• Just about the only body part that needs to be naked for yoga is the foot. Ironic then that ToeSox want to sell yogis something they don’t need, by taking away things that we do. When I advise students on what to wear, I suggest clothes that show teachers what they’re doing – leggings not baggy pants for example – but not things that distract us. We’ve all seen body parts we don’t want to, while we’ve been teaching sirsasana, haven’t we? People will always take a peek at a naked body just because it’s there; it’s not necessarily a sexual thing. We’d look into a room that has the lights on and the curtains open, just to see what’s in there. Same thing. It’s a distraction. The model has a lovely body, but for me it belongs behind closed doors. As long as it’s normal to go to classes clothed, then yoga postures are best demonstrated clothed, so we watch the posture and don’t get distracted by the body doing it. If you’re doing yoga to show off your body, or to look at other people’s then you’re not really doing yoga, you’re doing acrobatics and your mind has been left behind somewhere else. Yoga exists to quieten the mind, not to stir it up. Mr Iyengar has said (only partly joking) that the first rule of yoga is to tuck in your t-shirt.
    But if anyone is daft enough to buy ToeSox naked model or not, when bare feet are clearly better, then they deserve to be parted with their cash.

  • Stefanie

    So glad a discussion has finally surfaced about something that has rubbed me the wrong way for months now – the ToeSox ads in YJ. My reaction to these ads has always been, “are you kidding me?” It’s a product no one needs, and they’ve picked such a stereotypical model – young, thin, flexible. Talk about lack of creativity, and especially lack of taste. I am not a fan.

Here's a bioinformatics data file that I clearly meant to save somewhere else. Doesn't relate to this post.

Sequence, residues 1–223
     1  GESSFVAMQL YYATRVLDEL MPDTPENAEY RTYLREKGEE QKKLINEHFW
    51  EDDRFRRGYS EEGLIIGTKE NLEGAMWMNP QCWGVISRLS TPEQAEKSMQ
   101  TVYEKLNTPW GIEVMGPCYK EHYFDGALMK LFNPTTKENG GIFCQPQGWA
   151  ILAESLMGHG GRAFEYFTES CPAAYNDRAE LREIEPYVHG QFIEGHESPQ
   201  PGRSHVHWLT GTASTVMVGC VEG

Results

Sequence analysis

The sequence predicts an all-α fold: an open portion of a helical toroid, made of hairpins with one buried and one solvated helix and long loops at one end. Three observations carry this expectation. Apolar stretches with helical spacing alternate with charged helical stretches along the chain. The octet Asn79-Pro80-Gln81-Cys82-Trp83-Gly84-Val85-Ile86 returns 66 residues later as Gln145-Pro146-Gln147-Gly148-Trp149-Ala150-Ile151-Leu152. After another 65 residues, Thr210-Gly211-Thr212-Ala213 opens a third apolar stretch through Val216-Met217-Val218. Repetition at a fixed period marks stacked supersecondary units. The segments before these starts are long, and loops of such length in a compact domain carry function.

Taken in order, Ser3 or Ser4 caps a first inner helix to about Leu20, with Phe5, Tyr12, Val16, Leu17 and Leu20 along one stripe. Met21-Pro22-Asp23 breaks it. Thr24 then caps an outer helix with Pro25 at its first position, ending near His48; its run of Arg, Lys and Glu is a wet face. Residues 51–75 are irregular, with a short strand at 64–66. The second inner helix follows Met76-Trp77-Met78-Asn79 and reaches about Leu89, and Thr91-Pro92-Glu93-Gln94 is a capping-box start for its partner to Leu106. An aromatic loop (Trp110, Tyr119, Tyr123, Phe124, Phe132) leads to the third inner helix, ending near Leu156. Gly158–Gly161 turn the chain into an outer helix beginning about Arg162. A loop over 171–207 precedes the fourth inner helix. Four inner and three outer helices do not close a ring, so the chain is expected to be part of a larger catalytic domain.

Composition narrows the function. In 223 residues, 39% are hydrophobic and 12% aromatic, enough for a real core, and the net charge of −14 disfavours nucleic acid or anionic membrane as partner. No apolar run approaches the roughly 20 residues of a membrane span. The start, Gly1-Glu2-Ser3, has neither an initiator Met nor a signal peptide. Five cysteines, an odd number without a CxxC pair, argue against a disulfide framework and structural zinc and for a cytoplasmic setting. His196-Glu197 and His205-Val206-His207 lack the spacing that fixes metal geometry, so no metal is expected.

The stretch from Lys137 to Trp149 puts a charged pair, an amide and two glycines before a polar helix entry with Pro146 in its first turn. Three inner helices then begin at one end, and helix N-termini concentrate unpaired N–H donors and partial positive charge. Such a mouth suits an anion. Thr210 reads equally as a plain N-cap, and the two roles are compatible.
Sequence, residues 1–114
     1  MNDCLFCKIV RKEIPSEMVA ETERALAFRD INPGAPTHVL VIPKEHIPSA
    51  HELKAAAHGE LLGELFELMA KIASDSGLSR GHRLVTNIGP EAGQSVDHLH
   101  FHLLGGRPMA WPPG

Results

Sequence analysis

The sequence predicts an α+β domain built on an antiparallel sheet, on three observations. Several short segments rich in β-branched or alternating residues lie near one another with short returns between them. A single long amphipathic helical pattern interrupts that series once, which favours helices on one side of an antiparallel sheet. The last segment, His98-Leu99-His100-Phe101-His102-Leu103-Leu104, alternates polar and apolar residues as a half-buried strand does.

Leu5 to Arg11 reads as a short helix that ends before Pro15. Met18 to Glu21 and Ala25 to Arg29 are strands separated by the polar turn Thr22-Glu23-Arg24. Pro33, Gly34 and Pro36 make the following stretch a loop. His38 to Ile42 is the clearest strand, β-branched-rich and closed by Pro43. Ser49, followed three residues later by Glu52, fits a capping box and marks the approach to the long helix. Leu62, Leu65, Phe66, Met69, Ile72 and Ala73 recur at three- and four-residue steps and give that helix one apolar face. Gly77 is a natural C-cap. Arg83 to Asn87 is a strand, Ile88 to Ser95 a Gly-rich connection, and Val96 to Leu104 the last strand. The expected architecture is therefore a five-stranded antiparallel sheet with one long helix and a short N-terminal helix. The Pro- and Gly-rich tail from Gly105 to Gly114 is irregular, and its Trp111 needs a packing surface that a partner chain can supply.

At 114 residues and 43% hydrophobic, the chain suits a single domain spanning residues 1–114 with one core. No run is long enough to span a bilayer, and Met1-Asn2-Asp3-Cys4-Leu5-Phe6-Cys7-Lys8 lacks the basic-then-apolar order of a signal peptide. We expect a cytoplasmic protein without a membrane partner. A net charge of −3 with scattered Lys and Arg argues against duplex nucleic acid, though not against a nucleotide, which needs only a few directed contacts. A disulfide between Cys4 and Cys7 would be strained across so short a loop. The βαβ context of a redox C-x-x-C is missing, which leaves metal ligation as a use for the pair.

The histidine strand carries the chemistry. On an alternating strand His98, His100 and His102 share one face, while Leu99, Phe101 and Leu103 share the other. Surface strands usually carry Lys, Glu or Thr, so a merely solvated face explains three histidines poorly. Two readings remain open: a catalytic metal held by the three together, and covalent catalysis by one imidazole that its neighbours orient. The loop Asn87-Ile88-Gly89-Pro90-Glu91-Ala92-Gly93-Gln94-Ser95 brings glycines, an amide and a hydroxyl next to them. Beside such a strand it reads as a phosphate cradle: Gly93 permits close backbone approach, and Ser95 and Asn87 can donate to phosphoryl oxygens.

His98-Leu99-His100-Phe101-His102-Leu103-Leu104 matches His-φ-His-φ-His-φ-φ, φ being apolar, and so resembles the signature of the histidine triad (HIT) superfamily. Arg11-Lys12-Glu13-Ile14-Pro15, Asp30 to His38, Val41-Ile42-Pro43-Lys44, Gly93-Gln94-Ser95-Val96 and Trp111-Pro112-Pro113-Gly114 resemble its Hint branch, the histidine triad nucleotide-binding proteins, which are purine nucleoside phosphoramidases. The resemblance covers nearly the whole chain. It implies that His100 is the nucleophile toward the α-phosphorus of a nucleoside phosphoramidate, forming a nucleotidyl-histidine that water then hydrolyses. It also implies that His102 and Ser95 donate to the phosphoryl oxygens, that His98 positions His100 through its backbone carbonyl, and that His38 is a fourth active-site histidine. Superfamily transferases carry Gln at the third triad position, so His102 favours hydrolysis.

• johnnystretchable

    Forget cameltoe, I say say no to fat chicks in tight clothing.
    We all have to start somewhere, but seriously, start with a XXL
    T Shirt and Boyfriend’s gym shorts.

  • Yogini#

    I say no to self-righteous fat phobic yogis and yoga teachers .. !

  • Strangely enough, I’ve never paid much attention to the ToeSox ads, but I did actually do a double-take on the YJ Conference ad with the topless girl (when I flipped through this issue at home). I expect ads for products to go down this road, but YJ? Come on. No one’s going to that conference topless so why are you promoting it with a topless yogi. Flat out strange and unnecessary.

  • Ashleigh

    the human body is beautiful and should be celebrated in it’s most natural state!!!

  • Around 6 months ago I picked up a copy of YJ and was amazed at the volume of ads selling products that were supposed to cater to yoga practitioners-things that no one needs!!
    Manufacturers are obviously trying to cash in on the 20 million Americans who practice yoga, and the blatant consumerism represented in YJ by the ads they put in their magazine is just slightly repulsive. I read YJ and am captivated by some of their articles, but mostly the advertisements are just downright distracting. Reading YJ isn’t observing svadhyaya anyway, it’s not sacred text, it’s more distraction. I’m not saying I’m a purist and I’m not saying that one should or should not abstain from reading yoga-based magazines- but this whole debate over the ads surely makes you reflect- and that’s always a good thing :)

    I noticed that the September issue of YJ has Kathryn Budig wearing a top in paschimottanasana with her dog. I’m guessing they did this because of the uproar about their ads, but it really doesn’t prove anything or sell anything- the bottom line is you should not wear socks while practicing asana. All you need is comfortable clothing, barefeet, and a mat- and sometimes not even that depending on the circumstances!

    I am all for nudity and celebrating the human body because it is a natural beautiful creation, and I respect that Toesox used tasteful photography with nice lighting and posing and all that- but the fact is that it was the same young, white, thin model in all their ads, usually doing inversions!!! What is the point of socks if your feet are in the air? The nudity doesn’t bother me, the use of a young attractive female to sell a product intended for a modest mindful lifestyle is what does.